He rarely asked her to make him coffee, though she would have, quite happily. She wasn’t one of those silly PAs who thought making coffee beneath her. She’d always understood that her job as a personal assistant was to assist her boss in any way she could. She didn’t object to collecting his dry-cleaning, or buying presents for his mother. She didn’t even mind covering for him, occasionally.
But only up to a point and only if he deserved it.
Hugh deserved no such consideration, she decided as she carried the tray into his father’s super-huge office and placed it on the super-huge desk which sat in front of the super-huge window. The only son and heir to the Parkinson fortune was spoiled and lazy and never on time, she thought irritably as she glanced at her pretty watch and saw that twenty-five minutes had passed since she ordered his lunch.
So where was he?
She glared at the determinedly shut door on her far right, the one which looked like any of the wood-panelled doors which led into and out of the office. This one, however, concealed a secret alcove where there was a private lift to the penthouse above. You needed a special keycard to get into both, security a must for mega-rich men like Hugh and his father.
Kathryn almost gasped when that door was suddenly wrenched open and in strode her boss, looking breathtakingly handsome in a suit she’d never seen before, dark charcoal-grey in colour, with a single-breasted and superbly shaped jacket. The casually elegant style suited him. His dazzlingly white shirt highlighted his blue eyes, his olive skin and his dark brown hair, which looked extra-dark, since it was slightly damp.
And then there was his tie
Hugh had a thing about bright ties. This one was scarlet and striped with silver very eye-catching.
‘So what do you think?’ he shot at her as he walked behind the desk. ‘Will I do?’
Kathryn kept her expression cool. If he expected her to rave about his appearance, then he had another think coming. Some kind of compliment, however, seemed reasonable.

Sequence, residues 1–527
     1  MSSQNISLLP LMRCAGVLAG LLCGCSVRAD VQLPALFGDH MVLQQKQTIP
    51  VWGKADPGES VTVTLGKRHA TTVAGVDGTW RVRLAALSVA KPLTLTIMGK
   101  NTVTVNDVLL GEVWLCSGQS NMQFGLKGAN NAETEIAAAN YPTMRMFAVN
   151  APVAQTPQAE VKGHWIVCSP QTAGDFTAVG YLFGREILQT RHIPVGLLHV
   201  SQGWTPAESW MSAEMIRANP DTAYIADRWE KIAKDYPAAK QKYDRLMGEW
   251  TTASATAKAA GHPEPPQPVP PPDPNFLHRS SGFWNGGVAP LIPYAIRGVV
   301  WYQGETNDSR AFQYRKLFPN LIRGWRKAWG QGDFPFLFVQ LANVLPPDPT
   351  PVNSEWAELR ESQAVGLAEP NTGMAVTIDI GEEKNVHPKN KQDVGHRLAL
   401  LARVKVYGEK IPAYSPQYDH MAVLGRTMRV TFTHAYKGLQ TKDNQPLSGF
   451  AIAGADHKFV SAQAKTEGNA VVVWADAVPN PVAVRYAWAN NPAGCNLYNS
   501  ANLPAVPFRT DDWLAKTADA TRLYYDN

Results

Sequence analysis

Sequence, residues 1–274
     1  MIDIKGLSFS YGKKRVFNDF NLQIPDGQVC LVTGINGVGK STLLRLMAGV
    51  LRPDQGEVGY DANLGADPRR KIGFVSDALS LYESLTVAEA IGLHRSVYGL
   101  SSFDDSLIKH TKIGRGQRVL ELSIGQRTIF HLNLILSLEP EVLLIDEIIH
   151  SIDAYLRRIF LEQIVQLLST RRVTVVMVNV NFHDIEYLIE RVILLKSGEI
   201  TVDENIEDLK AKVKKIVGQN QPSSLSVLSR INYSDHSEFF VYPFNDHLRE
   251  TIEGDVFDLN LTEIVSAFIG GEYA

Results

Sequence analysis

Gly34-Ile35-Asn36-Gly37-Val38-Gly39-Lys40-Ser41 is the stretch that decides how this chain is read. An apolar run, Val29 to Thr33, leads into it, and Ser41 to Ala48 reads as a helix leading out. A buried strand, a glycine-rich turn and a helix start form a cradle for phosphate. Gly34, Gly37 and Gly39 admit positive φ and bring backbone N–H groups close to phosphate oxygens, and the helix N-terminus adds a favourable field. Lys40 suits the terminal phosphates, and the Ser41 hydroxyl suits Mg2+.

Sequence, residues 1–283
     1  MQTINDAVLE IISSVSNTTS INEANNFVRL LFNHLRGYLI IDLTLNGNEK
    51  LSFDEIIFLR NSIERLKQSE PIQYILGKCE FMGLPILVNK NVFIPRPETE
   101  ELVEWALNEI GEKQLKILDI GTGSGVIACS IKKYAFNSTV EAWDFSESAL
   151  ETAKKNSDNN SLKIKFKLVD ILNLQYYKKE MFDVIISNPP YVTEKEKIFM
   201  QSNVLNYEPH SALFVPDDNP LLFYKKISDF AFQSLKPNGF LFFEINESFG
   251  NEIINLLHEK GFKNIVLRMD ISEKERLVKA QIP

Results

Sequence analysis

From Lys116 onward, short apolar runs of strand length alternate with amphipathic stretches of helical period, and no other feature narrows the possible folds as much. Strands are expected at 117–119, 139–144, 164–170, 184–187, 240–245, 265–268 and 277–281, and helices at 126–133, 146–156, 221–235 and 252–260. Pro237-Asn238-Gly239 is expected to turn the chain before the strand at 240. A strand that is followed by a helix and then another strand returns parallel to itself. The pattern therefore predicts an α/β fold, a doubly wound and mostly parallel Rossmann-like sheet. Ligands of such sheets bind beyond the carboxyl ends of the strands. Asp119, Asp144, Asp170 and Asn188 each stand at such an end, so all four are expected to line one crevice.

‘You look very smart,’ she said.
Hugh’s eyebrows shot upwards. ‘You mean, I have your seal of approval? For once,’ he added with a wry laugh as he removed his jacket then draped it over the back of the large leather desk chair.
His partial undressing perturbed her for some reason. Silly, really. She’d seen him without a jacket often enough. She’d also witnessed him in casual clothes, even shorts on the day when he’d rushed into the office after spending the morning sailing on the harbour.
She already knew he had a great body, his tall, broad-shouldered frame not needing to be bolstered by excessive padding.
Perhaps it was the whiff of something spicy and exotic which the removal of his jacket had sent her way. She’d never smelled this particular cologne on him before and it was very sexy.
‘So is everything ready for this afternoon?’ he asked her as he sat down, then swept one half of the club sandwich up to his mouth.
His eyes questioned her as he munched away with relish.
‘I I think so,’ she said, annoyed with herself for sounding less than confident. But it was the first time she’d had to organise a board meeting, although Elaine had left her excellent instructions on her computer in a special file.
Everything Kathryn might need to know during the next month was on that computer. Elaine had also left behind her personal mobile number, in case she was in doubt about anything. Kathryn had given in and called her yesterday, just to check on a few things.
‘Yes, everything’s ready to go,’ she reiterated more firmly. ‘The boardroom’s all set up for the meeting, with copies of all the monthly reports set out in front of each chair. Apparently, I don’t have to take down any minutes—it’s not a quarterly or annual general meeting. But Elaine suggested I still tape proceedings. She said I should also stay in the room in case any of the directors want anything, like coffee or tea. I will be putting jugs of iced water on the table shortly, along with the glasses. But Elaine said, if the meeting goes on too long, some of them will want something hot to drink. And possibly a biscuit or two. Of course, I won’t be sitting at the table itself. I’ll stay in the background.’